Opinion | What does the Pentagon think about artificial intelligence

Opinion What does the Pentagon think about artificial intelligence scaled | ltc-a

Where the Department of Defense is investing in artificial intelligence, we are doing so in areas that provide us with the most strategic advantage and capitalize on our existing advantages. We also draw a clear line when it comes to nuclear weapons. US politics is to keep a human « in the loop » for all critical actions to inform and execute the president’s decisions to initiate and end the use of nuclear weapons.

While we are rapidly incorporating AI into many other aspects of our mission – from battlespace awareness, cyber and reconnaissance, to logistics, force support and other back-office functions – we do so alert to the potential dangers of AI, which we are determined to avoid. We don’t use AI to censor, limit, repress or disempower people. By putting our values ​​first and leveraging our strengths, the greatest of which is our people, we have adopted a responsible approach to AI that will ensure America continues to move forward.

Our current level of funding for AI reflects our current needs: the latest US defense budget, for fiscal year 2024, is investing $1.8 billion in artificial intelligence and machine learning capabilities to continue our progress in modernization and innovation. That will change over time as we incorporate technology effectively into the way we operate while staying true to the principles that make us the best fighting force in the world.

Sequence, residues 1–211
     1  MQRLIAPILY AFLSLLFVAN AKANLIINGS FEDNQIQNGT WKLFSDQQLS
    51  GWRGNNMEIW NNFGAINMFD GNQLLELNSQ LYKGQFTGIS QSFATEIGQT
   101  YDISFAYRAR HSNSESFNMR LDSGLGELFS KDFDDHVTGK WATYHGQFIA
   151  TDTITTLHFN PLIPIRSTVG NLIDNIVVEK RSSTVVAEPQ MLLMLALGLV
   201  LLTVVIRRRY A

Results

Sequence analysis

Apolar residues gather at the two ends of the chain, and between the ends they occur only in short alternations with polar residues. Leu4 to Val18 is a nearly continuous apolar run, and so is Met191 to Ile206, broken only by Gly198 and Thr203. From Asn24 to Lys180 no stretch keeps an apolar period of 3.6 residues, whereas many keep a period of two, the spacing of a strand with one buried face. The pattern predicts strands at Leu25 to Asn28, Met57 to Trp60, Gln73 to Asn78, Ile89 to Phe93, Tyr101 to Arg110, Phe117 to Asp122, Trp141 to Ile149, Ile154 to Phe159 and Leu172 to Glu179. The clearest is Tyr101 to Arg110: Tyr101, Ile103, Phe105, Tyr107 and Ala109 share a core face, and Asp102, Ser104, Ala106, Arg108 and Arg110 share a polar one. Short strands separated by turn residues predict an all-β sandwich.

While our use of artificial intelligence reflects our ethics and democratic values, we don’t try to control innovation. America’s vibrant innovation ecosystem is second to none because it is fueled by a free and open society of imaginative inventors, actors and problem solvers. While this makes me choose our free-market system over China’s statist system any day of the week, that doesn’t mean the two systems can’t coexist.

Chinese diplomats said so that the PRC « ‘takes the need to prevent and manage AI-related risks and challenges very seriously,' » according to the news. Those are good words; actions matter most. If China is truly « ready to step up trade and cooperation ‘with all sides’, » the Pentagon would welcome such direct engagement.

Our commitment to values ​​is one of the reasons the United States and its military have so many capable allies and partners around the world, and growing numbers of commercial technology innovators who want to work with us: because they share our values.

These values ​​are not owned by any country or company; others are invited to embrace them. For example, if the PRC made a credible and verifiable commitment to maintain human involvement for all actions critical to informing and executing sovereign decisions on the use of nuclear weapons, it could find that commitment warmly welcomed by its neighbors and other members of the international community. And rightly so.

The United States is not seeking an AI arms race, or any arms race, with China, just as we are not seeking conflict either. With artificial intelligence and all our capabilities, we are only trying to deter aggression and defend our country, our allies and partners, and our interests.

America and China compete to shape the future of the 21st century, technologically and otherwise. That competition is one we intend to win, not despite our values, but because of them.